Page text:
Wearable Systems in Harsh Environments : Realizing New Architectural Concepts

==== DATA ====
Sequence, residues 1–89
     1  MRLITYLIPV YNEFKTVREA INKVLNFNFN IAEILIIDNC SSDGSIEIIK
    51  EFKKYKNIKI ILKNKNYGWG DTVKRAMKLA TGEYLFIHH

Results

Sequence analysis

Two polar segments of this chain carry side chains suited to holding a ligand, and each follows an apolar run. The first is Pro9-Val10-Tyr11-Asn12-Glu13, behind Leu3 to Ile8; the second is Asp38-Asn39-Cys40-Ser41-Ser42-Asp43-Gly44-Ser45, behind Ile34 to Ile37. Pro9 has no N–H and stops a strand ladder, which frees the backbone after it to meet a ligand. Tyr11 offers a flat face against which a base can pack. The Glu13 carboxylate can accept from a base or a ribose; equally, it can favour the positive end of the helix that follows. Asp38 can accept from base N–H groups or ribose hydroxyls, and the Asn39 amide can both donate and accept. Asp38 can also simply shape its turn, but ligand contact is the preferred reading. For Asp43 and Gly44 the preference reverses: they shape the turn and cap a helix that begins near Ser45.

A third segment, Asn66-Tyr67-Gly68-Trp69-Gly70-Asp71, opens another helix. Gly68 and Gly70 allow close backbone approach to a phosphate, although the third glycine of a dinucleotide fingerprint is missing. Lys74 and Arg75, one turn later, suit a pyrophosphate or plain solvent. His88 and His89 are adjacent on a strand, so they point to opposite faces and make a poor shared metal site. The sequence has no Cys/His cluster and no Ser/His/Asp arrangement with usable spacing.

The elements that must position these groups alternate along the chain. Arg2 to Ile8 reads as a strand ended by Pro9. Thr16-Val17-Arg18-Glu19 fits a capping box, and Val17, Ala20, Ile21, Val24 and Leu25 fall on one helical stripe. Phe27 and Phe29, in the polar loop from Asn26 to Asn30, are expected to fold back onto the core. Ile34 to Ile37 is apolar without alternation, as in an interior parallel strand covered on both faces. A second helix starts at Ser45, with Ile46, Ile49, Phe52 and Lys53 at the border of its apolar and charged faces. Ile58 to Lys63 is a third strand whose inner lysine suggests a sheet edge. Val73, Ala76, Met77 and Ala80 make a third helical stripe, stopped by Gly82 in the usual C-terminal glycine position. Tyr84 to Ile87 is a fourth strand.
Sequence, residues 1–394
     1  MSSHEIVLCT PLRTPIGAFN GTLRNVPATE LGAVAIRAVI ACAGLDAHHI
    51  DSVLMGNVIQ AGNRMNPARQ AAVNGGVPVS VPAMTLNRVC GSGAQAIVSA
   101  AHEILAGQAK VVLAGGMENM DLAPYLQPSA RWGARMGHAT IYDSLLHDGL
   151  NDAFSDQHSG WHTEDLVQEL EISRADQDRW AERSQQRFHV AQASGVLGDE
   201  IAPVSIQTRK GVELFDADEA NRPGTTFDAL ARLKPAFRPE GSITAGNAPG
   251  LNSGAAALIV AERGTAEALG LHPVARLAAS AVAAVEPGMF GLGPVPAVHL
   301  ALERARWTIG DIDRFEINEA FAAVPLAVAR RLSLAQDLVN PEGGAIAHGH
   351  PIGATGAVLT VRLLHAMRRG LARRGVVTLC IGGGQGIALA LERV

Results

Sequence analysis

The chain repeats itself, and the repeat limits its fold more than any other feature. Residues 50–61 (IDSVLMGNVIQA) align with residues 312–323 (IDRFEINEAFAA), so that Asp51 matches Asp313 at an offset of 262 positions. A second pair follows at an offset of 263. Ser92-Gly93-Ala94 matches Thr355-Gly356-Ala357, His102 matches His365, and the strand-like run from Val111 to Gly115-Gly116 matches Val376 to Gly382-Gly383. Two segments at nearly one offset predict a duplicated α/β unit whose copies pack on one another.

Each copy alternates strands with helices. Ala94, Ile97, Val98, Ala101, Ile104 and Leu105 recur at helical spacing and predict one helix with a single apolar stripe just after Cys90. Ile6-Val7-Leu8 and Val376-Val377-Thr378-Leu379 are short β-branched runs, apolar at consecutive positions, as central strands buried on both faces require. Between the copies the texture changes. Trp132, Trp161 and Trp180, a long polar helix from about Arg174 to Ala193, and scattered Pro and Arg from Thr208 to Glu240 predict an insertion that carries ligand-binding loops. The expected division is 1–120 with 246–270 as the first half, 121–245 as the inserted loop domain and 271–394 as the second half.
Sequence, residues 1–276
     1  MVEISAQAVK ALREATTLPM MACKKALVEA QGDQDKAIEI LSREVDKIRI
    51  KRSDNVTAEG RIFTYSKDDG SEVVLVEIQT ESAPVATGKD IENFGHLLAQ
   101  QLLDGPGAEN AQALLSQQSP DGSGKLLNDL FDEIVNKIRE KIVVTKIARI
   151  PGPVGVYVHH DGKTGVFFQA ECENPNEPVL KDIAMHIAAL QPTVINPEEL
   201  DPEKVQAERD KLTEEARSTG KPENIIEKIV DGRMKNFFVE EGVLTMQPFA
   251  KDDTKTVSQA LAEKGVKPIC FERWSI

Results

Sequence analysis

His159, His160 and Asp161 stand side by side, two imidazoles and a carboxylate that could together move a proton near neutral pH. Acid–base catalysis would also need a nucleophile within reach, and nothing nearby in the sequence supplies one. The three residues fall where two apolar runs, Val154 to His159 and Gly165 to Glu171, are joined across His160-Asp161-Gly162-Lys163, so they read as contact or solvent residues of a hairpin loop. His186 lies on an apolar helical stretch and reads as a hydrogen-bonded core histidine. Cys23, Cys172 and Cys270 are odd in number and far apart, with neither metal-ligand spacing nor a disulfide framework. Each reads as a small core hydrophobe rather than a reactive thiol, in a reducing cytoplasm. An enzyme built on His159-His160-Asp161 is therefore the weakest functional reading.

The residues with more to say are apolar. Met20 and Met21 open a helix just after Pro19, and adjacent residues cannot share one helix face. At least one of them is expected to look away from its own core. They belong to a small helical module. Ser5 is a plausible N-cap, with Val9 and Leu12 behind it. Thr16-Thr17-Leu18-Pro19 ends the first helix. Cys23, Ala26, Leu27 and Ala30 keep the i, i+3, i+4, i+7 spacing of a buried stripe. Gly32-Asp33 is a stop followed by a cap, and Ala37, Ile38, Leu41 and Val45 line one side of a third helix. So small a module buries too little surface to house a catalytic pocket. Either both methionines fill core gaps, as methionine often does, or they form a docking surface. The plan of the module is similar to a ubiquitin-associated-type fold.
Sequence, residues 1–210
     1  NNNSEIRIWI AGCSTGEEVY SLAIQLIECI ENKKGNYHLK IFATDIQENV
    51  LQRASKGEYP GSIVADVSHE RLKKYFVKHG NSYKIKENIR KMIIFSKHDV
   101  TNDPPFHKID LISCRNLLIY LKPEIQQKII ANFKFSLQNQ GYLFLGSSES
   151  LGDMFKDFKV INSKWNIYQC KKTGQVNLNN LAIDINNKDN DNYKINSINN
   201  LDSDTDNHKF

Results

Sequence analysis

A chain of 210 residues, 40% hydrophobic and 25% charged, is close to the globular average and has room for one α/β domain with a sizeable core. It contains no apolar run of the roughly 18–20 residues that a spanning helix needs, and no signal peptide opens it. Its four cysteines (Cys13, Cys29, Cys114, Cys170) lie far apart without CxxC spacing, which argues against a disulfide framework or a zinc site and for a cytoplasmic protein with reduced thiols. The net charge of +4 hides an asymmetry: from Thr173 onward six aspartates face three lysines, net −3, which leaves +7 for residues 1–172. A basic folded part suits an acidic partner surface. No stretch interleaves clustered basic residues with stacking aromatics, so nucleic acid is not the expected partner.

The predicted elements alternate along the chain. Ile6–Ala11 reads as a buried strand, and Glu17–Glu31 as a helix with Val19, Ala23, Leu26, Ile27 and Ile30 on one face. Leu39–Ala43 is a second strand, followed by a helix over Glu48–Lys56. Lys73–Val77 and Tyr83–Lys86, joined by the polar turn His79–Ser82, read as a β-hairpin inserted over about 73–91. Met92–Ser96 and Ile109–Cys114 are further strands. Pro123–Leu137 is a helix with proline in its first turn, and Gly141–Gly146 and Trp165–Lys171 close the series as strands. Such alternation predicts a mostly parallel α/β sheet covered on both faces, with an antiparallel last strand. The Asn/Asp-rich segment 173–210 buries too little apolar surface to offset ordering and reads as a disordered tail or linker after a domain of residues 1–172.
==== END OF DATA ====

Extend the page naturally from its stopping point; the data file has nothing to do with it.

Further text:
Abstract: Wearable systems continue to gain new markets by addressing improved performance and lower size, weight and cost. Both civilian and military markets have incorporated wearable technologies to enhance and facilitate user's tasks and activities. A wearable system is a heterogeneous system composed of diverse electronic modules: data processing, input and output modules. The system is constructed to be body-borne and therefore, several constraints are put on wearable systems regarding wearability (size, weight, placement, etc.) and robustness rendering the task of designing wearable systems challenging. In this thesis, an overview of wearable systems was given by discussing definition, technology challenges, market analysis and design methodologies. Main research targeted at network architectures and robustness to environmental stresses and electromagnetic interference (EMI). The network architecture designated the data communication on the intermodule level - topology and infrastructure. A deeper analysis of wearable requirements on the network architecture was made and a new architecture is proposed based on DC power line communication network (DC-PLC). In addition, wired data communication was compared to wireless data communication by introducing statistical communication model and looking at multiple design attributes: power efficiency, scalability, and wearability.The included papers focused on wearable systems related issues including analysis of present situation, environmental and electrical robustness studies, theoretical and computer aided modelling, and experimental testing to demonstrate new wearable architectural concepts. A roadmap was given by examining the past and predicting the future of wearable systems in terms of technology, market, and architecture. However, the roadmap was updated within this thesis to include new market growth figures that proved to be far less than was predicted in 2004. User and application environmental requirements to be applied on future wearable systems were identified. A procedure is presented to address EMI and evaluated solutions in wearable application through modelling and simulation. Environmental robustness and wearability of wearable systems in general, and washability and conductive textile in particular are investigated. A measurement-based methodology to model electrical properties of conductive textile when subjected to washing was given.Employing a wired data communication network was found to be more appropriate for wearable systems than wireless networks when prioritizing power efficiency. The wearability and scalability of the wired networks was enhanced through conductive textile and DC-PLC, respectively. A basic wearable application was built to demonstrate the suitability of DC-PLC communication with conductive textile as infrastructure. The conductive textile based on metal filament showed better mechanical robustness than metal plated conductive textile. A more advanced wearable demonstrator, where DC-PLC network was implemented using transceivers, further strengthened the proposed wearable architecture. Based on the overview, the theoretical, modelling and experimental work, a possible approach of designing wearable systems that met several contradicting requirements was given.